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Wednesday, February 24, 2021

Obituary - Dr. Russell Arthur Mann Jr.

Dr. Russell Arthur Mann Jr., age 89, passed away Sunday, February 21st, 2021 at Maison Jardin Senior Living Community in Morgan City, Louisiana from complications of COVID-19. 

Burial will take place 10:00 AM Friday, March 5th, 2021 at the Russell and Helen Mann Memorial Gravesite in Englewood Cemetery, Clinton, Missouri. Fond memories and condolences can be left online at

Dr. Mann was born in Dallas, Texas on July 24, 1931, son of Russell Mann Sr., and Hazel Sigler Mann of Clinton, Missouri.

Russell Arthur Mann Jr. spent a career in community journalism, practicing for 25 years and then teaching journalism at the university level for 20 years. He worked as a reporter, photojournalist, magazine editor, and political columnist. He is best known for originating the political expression, “Straight from the kitchen table” which underscored the interest of ordinary people in a given political matter. Mann regularly used this expression in Highlights and Sidelights from Your State Capitol, a syndicated weekly column written for approximately one hundred Missouri newspapers during the early sixties.

Mann’s early education took place in Clinton, Missouri where he attended Jefferson Park Elementary School through the 7th grade. When the family moved to Kansas City, Missouri, he attended J.C. Nichols and graduated from Kansas City Southwest High School in 1949. During his senior year he served as advertising manager for the school newspaper, The SW Trail, and set a school record for the amount of advertising sold.

Mann began his professional career working school holidays and summers as a cub reporter for the Clinton Missouri Daily Democrat. He was hired by the interim editor Fred Ashcraft and remained with the paper after it was sold to Mr/Mrs M.M. White, continuing to work school holidays and summers.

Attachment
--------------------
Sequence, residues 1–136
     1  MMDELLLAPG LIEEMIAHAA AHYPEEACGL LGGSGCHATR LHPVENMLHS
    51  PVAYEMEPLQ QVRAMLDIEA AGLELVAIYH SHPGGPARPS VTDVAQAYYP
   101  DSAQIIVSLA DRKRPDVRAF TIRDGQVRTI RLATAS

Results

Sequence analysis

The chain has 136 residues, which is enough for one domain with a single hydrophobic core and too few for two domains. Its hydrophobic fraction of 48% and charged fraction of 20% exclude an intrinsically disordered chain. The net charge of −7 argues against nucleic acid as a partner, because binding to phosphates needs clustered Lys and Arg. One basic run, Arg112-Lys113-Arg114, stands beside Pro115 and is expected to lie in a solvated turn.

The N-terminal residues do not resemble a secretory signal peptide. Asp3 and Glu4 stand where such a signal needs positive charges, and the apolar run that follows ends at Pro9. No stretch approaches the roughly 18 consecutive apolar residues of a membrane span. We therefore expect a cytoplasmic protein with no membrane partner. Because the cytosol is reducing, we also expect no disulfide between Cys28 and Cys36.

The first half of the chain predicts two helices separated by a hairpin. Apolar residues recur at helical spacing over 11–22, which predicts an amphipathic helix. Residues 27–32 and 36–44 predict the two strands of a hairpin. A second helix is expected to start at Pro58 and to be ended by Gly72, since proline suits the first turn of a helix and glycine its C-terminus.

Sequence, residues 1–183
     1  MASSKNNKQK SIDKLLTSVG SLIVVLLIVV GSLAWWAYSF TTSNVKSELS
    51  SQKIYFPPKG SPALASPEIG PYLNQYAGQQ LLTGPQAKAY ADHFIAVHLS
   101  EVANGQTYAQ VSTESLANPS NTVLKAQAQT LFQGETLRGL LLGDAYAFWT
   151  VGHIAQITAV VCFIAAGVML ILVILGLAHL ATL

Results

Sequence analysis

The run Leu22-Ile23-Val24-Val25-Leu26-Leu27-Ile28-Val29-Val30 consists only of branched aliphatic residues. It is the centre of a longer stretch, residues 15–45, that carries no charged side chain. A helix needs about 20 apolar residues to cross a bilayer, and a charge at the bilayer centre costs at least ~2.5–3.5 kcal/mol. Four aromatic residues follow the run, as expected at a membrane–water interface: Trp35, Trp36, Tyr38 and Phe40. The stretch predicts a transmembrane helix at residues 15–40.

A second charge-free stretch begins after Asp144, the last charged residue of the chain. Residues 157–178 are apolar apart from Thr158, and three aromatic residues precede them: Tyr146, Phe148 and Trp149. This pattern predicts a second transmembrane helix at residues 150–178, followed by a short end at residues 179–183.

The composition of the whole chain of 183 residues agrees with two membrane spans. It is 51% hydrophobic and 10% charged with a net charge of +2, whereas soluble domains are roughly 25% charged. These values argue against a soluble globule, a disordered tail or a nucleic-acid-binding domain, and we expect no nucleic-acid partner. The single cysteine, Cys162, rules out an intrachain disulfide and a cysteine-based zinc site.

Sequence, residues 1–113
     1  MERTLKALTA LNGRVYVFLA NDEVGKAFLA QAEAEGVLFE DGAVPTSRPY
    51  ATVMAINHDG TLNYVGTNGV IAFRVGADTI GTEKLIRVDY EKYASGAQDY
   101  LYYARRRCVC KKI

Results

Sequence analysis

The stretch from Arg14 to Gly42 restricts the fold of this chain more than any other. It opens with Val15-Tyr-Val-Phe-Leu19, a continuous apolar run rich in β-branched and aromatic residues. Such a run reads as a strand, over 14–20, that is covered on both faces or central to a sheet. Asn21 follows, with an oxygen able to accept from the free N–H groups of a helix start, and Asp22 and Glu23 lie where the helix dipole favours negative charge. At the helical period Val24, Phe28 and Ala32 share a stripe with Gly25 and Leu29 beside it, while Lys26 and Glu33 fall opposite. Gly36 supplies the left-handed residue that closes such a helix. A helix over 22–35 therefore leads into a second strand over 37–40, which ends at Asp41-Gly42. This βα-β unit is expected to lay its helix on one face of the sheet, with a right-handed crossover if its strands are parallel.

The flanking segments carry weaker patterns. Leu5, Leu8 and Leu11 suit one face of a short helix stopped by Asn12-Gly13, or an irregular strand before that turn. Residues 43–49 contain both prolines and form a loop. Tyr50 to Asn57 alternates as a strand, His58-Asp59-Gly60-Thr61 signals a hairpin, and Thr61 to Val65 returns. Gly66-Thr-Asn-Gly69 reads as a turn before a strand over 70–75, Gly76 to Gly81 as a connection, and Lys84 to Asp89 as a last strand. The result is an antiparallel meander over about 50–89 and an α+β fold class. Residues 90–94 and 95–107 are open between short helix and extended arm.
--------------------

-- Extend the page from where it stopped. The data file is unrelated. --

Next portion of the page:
In 1953 Mann graduated from the University of Missouri School of Journalism with a bachelor's degree in journalism. While attending the university he became a member of the Society for Professional Journalists (Sigma Delta Pi) and Alpha Nu chapter of Pi Kappa Alpha. During his senior year he was elected student council representative for the School of Journalism. He participated in the university’s ROTC program and was commissioned second lieutenant in field artillery at his graduation.

Following his college graduation, Mann entered the Army and was posted to the famed 50th Field Artillery Battalion stationed in Munich, Germany. While serving he was promoted to First Lieutenant and named adjutant of the battalion as it returned to the United States.

Upon completion of his military service he returned to the University of Missouri where he was appointed teaching assistant in the news-editorial department and began pursuit of a Masters Degree in Journalism . He completed his thesis under the direction of Frank Luther Mott, internationally known American historian and journalist and Dean of the School. The journalism of famed Emporia, Kansas editor William Allen White was the subject of Mann’s master’s degree. In researching his thesis Mann discovered copies of White’s many editorials that were preserved by White’s Linotype operator who accepted his recommendation to contribute them to the Kansas State Historical Society. During his studies Mann became a member of Kappa Tau Alpha, a college honor society that recognizes academic excellence and promotes scholarship in journalism and mass communication. Further advancing his career in community journalism he was accepted for the doctoral program in journalism and there he assumed the position of teaching assistant. In 1959 Mann was awarded his Master’s Degree in Journalism from the University of Missouri.